Are We Equal Yet?

Governor Romney’s clumsy and incomplete answer to the debate question about the Lilly Ledbetter Fair Pay Act made me reflect on sexism in the workplace. Is discrimination a result of institutions, jerks, or clueless people?  Romney just seemed clueless.  To be fair to him, I actually appreciated his flexible work schedule acknowledgement, even if the generalization was false and insulting to career women who are not in charge of housework.  I know, shocker.  A feminist who appreciates a man acknowledging I need a flexible work schedule so I can cook and clean the house.  Except, I actually do need that.  So does my husband, since we share in these tasks.  

I reflected back on my career as an interior designer.  (The image in the right is not mine.  It made the Facebook rounds.) This is an interesting world because it’s a female dominated career within a male dominated industry.  At my office, my boss gave us flextime, was supportive and collaborative, and we kibitzed often with our latest pregnant coworker.  (Pregnancy recently went through the office like a highly contagious virus.)  I imagine this would be an uncomfortable situation for a man, with all the talks about epidurals and the messier side of birth.  Reverse sexism?

If you think I never experienced sexism, you would be wrong.  This is a female dominated career within a very male dominated industry.  The vast majority of the architects I worked with were wonderful, collaborative, respectful men (and a handful of women.) However, when I began working to establish licensing for interior designers in Oregon, the sexist pigs came out the woodwork.  See, interior designers don’t need to be licensed because we just decorate.  “Interior defecators” was a term I heard.  Never mind our training in building construction, fire and building codes, infectious disease control in healthcare, or special needs for the disabled and elderly.  Best leave the complicated architecture stuff to the men.  These small-minded men could not fathom that I might be more intelligent than them.  I have a high IQ, so statistically, it is likely I am smarter than most of the jerks I encountered.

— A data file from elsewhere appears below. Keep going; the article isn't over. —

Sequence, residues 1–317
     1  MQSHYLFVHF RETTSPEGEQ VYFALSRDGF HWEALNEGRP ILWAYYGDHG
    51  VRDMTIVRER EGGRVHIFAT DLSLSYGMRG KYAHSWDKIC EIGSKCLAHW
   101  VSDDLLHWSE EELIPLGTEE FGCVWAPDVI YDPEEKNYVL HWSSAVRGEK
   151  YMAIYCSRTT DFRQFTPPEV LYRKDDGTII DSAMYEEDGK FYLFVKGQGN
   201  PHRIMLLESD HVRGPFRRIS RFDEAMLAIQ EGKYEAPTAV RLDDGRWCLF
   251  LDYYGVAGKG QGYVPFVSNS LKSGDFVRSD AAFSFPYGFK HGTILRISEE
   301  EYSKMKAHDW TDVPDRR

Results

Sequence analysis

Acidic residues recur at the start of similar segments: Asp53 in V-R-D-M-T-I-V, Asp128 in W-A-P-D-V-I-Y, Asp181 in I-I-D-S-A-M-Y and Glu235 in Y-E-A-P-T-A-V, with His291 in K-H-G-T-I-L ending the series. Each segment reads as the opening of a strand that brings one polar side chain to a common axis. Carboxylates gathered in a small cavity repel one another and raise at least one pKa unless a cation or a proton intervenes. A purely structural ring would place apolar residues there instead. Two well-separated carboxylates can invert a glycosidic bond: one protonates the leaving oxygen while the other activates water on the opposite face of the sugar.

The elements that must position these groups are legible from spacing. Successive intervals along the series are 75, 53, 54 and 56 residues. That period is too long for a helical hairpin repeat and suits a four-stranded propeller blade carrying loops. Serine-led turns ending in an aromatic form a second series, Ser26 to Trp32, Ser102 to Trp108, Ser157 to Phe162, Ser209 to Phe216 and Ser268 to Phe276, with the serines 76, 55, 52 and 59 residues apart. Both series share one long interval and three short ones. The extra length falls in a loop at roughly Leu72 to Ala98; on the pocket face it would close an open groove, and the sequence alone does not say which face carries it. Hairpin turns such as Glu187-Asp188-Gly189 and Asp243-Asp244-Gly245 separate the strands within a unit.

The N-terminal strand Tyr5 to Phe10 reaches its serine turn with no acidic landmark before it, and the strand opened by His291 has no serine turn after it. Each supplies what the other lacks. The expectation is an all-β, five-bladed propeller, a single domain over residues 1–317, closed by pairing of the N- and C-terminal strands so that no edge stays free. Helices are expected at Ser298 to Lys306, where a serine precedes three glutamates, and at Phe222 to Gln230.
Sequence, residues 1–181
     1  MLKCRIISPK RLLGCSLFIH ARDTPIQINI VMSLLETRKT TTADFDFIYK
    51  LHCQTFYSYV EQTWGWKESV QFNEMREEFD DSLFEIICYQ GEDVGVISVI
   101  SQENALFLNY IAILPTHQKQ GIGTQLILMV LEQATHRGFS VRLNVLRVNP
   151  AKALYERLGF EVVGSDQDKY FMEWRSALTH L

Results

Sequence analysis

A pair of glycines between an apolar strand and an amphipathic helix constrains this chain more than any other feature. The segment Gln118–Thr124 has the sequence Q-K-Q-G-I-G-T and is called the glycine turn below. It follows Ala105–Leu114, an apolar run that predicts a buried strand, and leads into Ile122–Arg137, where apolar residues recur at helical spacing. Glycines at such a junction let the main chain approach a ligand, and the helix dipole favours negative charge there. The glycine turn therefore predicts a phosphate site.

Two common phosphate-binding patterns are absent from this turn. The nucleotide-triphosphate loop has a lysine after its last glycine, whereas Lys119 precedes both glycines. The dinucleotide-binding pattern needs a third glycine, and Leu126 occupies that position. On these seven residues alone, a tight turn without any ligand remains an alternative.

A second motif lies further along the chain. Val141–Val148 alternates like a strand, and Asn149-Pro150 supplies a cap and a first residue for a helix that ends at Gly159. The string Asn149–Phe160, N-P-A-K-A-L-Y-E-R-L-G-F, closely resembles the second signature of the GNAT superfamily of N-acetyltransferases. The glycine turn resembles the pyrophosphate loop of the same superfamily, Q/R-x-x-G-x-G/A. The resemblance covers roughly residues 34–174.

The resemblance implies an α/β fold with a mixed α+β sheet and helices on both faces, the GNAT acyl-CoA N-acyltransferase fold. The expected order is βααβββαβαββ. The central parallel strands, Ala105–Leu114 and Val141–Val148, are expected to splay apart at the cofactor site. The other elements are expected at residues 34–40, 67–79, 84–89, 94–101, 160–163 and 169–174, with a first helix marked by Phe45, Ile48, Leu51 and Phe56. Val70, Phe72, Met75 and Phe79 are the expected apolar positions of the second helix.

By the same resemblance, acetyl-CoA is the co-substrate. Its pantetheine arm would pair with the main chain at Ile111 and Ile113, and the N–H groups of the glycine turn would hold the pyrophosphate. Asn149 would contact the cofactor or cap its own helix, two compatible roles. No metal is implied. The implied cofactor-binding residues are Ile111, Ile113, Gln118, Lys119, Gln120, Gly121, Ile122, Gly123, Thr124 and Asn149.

To compensate, I changed my demeanor and appearance.  I wore business suits, eschewed colorful decorative pieces, put my hair up, and acted very serious.  As a result, aside from the licensing lobbying, I commanded respect.  Take a look at any business office and you will see women following this strategy.  However, after a while, I felt like I was losing my soul.  My aggression seeped into my marriage and my husband started to feel like I didn’t appreciate him.  I was not nice to him.  My creativity suffered, my health declined, and I started seeing people as objects for my advancement.  I tried so hard to be accepted by the patriarchy that I began to be sexist myself. Like if I dared to be a woman, I’d miss out on life.  I think this is why I developed endometriosis.  I hated my womanhood so much, that my body literally started attacking it.

Of course, not all women react this way.  Plenty are comfortable in the business world.  I just overcompensated for my insecurities.  I am still trying to figure out where I fit into the world, and how to balance the feminine and masculine sides of myself.  Women have a lot of work to do in achieving true equality.  But this one has decided not to accept the rules.  I will forge my own way, do things my way, and ignore anyone who tells me I should act otherwise.  Now if I could just figure out what my way is.

One thought on “Are We Equal Yet?

  1. I love your brave post! If more people were thoughtful about these things, maybe we wouldn’t have to steel our minds and harden our hearts when we go to work…


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